The Rennmezger – Excellence Was Achieved

Remembering Hans Mezger, the engineer behind Porsche success on road and track

From the 1960s through the 1980s, the man largely responsible for the successes of both road and racing Porsches was Hans Mezger. Mezger – pronounced “Mets-ger” – was a modest engineer who, however, had very little to be modest about. Sadly, the great Hans Mezger left us in June at the age of 90 years but his legacy is well worth remembering.

I have a soft spot for Hans Mezger, and for good reason. He was one of the few at Porsche—along with Ferdinand Piëch—who wrote to publisher L. Scott Bailey about my book, Porsche—Excellence Was Expected, upon its publication in 1978. His letter included the following:

“I think I do not have to thank you and Karl just for the book but even more for the excellent work you have done. ‘Excellence was expected’ also from you. This comprehensive book will be an important and helpful document. Karl’s book is an appreciation for me and my colleagues at Porsche, who designed and built race cars for many years.”

When Hans Mezger wrote these lines, one of his most impressive achievements for Porsche lay in the future. He was the planner and chief designer of the engine that McLaren used to score three straight drivers’ championships from 1984 through 1986 – one for Niki Lauda and two for Alain Prost, and two constructors’ championships on the trot in 1984 and 1985.

Niki Lauda (left) and Hans Mezger, circa 1984; the McLaren MP4/2 with 1.5L Turbo V-6 TAG-Porsche helped Lauda win World Championships in '84 and '85. Photo: Porsche Archive

With Mezger’s turbo V-6 sponsored by Middle Eastern technology company, TAG, McLaren’s drivers scored seven poles, 18 fastest laps, and 25 victories in 68 starts.

Although generally known as an engine man at Porsche, from 1965 Mezger was in overall charge of racing-car design. That year a separate department for racing vehicle engineering, Konstruktion Rennfahrzeuge, was set up with Hans Mezger as its chief. He had overall responsibility for the eight-cylinder 908 and then the formidable flat-12 917, which between them won the sports-car world championships of 1969 through 1971.

Returning to his engine specialty, Mezger authored Porsche’s project 2623, better known as the TAG-P01 turbo, which won the championships mentioned above in McLaren’s Grand Prix cars. Later in the 1980s he designed the turbo V-8 for Porsche’s foray into CART racing. Regrettably this project was aborted before it had a chance to give of its best. Finally, for the Footwork Arrows team of 1991 Mezger led the design of the Type 3512 Porsche V-12 that turned out to be his least satisfying effort. Retiring from Porsche in 1994, Mezger published his autobiography in 2011 in cooperation with Peter Morgan.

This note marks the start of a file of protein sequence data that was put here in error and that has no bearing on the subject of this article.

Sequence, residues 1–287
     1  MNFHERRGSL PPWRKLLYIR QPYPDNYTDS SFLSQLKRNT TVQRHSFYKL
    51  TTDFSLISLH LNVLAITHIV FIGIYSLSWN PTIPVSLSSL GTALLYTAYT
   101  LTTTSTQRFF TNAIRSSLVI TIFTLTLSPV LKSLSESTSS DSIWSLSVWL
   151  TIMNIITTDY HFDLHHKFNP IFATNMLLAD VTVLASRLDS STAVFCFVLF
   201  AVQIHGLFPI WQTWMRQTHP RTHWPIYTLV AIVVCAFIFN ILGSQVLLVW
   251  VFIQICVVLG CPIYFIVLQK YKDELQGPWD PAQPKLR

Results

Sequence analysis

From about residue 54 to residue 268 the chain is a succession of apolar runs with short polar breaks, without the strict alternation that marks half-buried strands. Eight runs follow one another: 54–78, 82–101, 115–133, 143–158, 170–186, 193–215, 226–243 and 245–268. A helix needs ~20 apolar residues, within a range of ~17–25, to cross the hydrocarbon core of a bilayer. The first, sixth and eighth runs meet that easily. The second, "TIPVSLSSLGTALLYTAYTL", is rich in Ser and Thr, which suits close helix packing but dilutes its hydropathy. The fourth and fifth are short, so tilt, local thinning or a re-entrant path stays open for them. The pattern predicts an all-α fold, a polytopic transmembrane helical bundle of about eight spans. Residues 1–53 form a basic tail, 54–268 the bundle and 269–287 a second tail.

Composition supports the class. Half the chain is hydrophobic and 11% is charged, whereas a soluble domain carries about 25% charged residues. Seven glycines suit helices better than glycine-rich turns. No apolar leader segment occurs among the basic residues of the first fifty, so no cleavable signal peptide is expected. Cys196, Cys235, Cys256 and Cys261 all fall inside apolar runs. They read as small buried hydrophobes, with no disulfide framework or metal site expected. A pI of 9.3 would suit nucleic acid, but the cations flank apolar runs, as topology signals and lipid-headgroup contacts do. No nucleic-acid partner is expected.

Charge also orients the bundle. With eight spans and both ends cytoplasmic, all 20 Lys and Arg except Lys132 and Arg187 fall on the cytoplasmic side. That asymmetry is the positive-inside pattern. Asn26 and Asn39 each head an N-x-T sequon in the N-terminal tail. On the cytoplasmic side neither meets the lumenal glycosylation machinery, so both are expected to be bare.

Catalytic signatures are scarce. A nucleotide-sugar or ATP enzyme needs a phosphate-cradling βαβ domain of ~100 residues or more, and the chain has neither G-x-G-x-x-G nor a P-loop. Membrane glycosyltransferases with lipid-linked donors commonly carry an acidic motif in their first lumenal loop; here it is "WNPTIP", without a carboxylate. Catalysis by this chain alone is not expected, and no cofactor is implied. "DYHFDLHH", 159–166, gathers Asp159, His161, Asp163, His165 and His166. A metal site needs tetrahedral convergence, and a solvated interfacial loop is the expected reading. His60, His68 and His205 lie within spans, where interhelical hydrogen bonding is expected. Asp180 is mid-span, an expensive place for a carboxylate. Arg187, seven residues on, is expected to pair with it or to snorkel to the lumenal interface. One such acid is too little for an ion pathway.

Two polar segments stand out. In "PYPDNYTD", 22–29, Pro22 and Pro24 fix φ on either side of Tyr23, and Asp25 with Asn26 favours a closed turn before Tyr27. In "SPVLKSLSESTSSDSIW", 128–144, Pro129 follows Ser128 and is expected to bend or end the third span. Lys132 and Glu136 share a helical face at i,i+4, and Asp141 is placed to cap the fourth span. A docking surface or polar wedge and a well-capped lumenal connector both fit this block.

Born on 18 November 1929, Hans Mezger first saw the world in the hamlet of Ottmarsheim on Stuttgart’s northern perimeter. Hans was the youngest of five children, whose parents ran a country inn. Art and culture were emphasized in the Mezger household. From an early age, airplanes and aviation fascinated the young Hans, who occasionally traveled to Kirchheim/Teck with a group of gliding enthusiasts from his neighborhood.

After graduating from the Stuttgart Technical Institute in 1956, Mezger faced a flood of job offers from a resurgent German industry. “There were 28 offers,” he related. “But Porsche was not among them. I wanted to join Porsche because the Type 356 sports car inspired me. So I applied, got an interview and the company offered me a job in diesel engine development. I didn’t even know that Porsche had such a thing. But I envisioned working on sports cars. They showed understanding and that’s how I started in the calculations department at Porsche.”

Porsche 917KH, winner of the 1970 Le Mans; Photo: Wouter Melissen

Joining Porsche on October 1, 1956, Hans’s first post was in Helmut Rombold’s calculation section of the design office, where he was responsible for camshaft design. A slender man of medium height with bold features and a gravelly voice, Hans Mezger was an engineer in whom his colleagues instinctively felt they could place their confidence.

Easily the most interesting of the engines that Mezger found at Porsche was the four-cam four-cylinder Type 547 that Ernst Fuhrmann designed for the racing Spyders. Enlarged for the Carrera 2s and Abarth-Carreras, the four bore the Type 587/2 designation. When the call went out for more power and improved durability to meet tougher competition in 1964, Hans Mezger stepped up to the challenge. He was then spending 30 percent of his time in the drawing office and 70 percent in the experimental department, where as the “Rennmezger” he was recognized for his knack for making engines stronger quicker.

Porsche’s staple pushrod fours also enjoyed the Mezger touch. He oversaw their improvement for the new 356C range introduced in 1963. His assignment was to rationalize the engine’s design for more efficient manufacturing and to extract from the former Super 90 the 90 or more horsepower that it was supposed to have had.

Hans Mezger at Kyalami, South Africa, 1983; Photo: Porsche Archive

“Whenever more power had been needed before,” Hans Mezger said, “the inlet valves had always been made larger, but not the exhaust valves. In consequence they had become much too small.” He took the surprising step of reducing inlet-valve diameter from 40 to 38 mm so that the exhaust valve could be made larger, 34 instead of 31 mm. At the same time Mezger reshaped the inlet and exhaust ports, improving gas flow by making their cross-sectional areas more nearly constant. The result was the best-ever engine family for the 356.

While doing these jobs Hans Mezger was winding up his work on Porsche’s Type 753 1½-liter flat eight for Formula 1, which was raced in 1962. Although Porsche credits him with the design of this complex four-cam eight, in fact he was the developer of an engine whose original layout was the work of Hans Hönick, who had worked in engine design with the departed Ernst Fuhrmann.